The approval from federal health officials means that regulators were satisfied with the test’s validation data and are confident that its benefits outweigh any risk, like false positives or negatives. 

The FDA’s approval marks the seconds time it has green-lit a fast working test that could accelerate testing across the country.  Last week, it approved a 45-minute rapid point of care test by the molecular diagnostics company Cepheid. However, that test is primarily intended for emergency rooms and hospitals, not doctors’ officers or urgent care clinics.  

Still, those turnaround times are leaps faster than the hours to days it takes most laboratory tests to bring results. 

Medical Shortages Still Cause Concern 

The approval of the Abbott test comes as cities across the nation battle with numbers of potential patients that surpass available tests and resources. Even with insufficient testing, the United States became the country with the largest number of reported cases of coronavirus on Thursday, exceeding China and Italy. By Friday, the U.S. hit more than 100,000 cases. 

Many fear that shortages of other critical medical equipment, like masks and swabs, could stifle the new rapid test’s impact. That’s because the kit requires a swab sample collected from patients, and many health care facilities are running desperately low on the tools needed to safely collect those samples.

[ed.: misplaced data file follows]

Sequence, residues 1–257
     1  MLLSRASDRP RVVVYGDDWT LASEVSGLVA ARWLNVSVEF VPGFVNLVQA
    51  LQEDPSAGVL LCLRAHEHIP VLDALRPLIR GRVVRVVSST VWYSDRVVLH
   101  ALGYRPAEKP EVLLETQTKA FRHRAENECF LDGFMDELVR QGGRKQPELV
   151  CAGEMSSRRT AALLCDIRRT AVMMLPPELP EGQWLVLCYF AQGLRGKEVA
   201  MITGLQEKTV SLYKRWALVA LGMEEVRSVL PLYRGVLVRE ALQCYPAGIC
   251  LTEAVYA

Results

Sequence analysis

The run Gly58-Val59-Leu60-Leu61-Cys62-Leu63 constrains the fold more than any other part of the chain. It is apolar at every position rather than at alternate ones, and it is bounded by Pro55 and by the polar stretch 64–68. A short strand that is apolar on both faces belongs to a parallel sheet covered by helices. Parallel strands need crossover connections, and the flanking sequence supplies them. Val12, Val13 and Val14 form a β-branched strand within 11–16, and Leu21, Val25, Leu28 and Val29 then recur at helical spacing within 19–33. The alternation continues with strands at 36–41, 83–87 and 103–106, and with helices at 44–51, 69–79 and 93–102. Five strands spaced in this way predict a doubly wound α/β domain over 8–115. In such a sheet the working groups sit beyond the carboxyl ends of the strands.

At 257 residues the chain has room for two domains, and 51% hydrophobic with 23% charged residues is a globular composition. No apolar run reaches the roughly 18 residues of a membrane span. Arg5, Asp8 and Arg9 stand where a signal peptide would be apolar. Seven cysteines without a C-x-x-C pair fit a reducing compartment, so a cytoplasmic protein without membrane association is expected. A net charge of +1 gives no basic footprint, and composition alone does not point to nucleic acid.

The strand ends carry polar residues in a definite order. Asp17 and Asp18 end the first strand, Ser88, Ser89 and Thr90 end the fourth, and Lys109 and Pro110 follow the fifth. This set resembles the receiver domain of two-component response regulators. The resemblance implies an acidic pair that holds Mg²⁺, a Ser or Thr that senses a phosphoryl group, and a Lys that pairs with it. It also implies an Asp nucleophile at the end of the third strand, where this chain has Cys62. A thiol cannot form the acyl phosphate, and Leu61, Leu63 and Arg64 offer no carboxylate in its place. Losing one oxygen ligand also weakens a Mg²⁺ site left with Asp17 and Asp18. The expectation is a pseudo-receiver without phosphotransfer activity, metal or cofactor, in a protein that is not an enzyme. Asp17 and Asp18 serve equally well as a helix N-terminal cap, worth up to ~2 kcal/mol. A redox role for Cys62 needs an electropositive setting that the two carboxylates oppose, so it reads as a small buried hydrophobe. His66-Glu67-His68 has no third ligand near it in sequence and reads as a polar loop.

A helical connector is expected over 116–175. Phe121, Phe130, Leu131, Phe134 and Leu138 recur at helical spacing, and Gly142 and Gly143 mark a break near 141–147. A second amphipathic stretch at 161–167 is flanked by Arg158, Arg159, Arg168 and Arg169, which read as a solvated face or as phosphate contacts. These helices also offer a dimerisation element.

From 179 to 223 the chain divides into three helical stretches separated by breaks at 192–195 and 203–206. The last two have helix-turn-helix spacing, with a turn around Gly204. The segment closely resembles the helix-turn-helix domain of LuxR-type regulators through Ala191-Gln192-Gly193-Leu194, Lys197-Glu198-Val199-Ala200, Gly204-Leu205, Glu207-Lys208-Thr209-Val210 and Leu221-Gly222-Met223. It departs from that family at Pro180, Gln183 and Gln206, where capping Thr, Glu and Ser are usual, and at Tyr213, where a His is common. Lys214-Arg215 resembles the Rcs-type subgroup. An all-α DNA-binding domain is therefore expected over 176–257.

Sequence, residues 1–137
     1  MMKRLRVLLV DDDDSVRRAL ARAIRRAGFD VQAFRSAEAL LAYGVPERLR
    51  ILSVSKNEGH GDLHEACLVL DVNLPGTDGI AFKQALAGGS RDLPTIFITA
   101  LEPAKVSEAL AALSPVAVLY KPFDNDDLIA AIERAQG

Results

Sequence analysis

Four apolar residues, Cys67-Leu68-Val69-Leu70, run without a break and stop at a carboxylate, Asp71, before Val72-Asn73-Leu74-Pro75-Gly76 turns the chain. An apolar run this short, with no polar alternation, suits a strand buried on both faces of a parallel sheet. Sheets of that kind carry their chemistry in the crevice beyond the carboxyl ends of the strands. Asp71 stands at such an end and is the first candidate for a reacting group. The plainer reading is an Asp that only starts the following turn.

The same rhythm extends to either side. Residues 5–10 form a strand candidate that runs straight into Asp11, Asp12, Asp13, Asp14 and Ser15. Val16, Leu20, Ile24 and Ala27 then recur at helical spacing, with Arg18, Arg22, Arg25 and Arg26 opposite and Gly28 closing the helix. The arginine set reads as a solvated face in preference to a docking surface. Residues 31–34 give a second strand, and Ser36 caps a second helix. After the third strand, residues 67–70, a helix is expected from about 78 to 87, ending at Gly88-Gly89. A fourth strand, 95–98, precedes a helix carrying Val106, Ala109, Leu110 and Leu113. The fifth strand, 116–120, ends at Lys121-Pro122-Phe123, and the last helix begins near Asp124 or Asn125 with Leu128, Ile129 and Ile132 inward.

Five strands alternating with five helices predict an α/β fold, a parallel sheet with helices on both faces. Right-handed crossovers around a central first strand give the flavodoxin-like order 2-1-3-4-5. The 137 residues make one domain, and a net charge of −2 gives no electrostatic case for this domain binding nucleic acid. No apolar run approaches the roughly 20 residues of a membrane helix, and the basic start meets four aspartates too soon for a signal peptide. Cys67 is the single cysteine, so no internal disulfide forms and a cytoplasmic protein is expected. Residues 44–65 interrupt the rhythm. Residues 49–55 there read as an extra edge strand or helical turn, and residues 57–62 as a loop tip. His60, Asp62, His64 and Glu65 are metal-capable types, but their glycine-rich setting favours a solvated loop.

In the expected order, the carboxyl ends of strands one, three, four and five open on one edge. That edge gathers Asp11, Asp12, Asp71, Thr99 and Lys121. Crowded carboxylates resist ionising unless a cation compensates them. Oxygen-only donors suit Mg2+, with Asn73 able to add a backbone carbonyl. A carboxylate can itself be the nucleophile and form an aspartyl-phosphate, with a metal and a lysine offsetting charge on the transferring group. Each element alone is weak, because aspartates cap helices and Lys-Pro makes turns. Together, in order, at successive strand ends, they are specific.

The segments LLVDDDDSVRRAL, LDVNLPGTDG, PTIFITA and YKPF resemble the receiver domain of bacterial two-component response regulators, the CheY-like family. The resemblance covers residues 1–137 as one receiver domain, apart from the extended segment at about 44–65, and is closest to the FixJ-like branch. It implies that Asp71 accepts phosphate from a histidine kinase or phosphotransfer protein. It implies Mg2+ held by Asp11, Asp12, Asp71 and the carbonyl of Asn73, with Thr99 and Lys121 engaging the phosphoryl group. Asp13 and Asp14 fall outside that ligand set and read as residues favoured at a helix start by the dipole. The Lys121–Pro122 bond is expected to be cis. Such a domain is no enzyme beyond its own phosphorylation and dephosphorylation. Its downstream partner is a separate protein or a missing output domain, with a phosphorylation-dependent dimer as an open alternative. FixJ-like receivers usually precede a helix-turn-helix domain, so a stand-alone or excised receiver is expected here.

The Center for Disease Control issued guidance Tuesday that allows some patients to collect their own nasal swabs in health care facilities, in an effort to reduce the amount of protective equipment needed for health care workers. 

On the opposite end, however, others note that fast and efficient testing can help medical professionals determine how much protective equipment they actually need to wear when interacting with a patient, as well as what kind of care to provide. Since this test can be done in a doctor’s office, it could even potentially help diagnose patients with mild or asymptomatic cases of the virus and help stop them from unknowingly spreading it.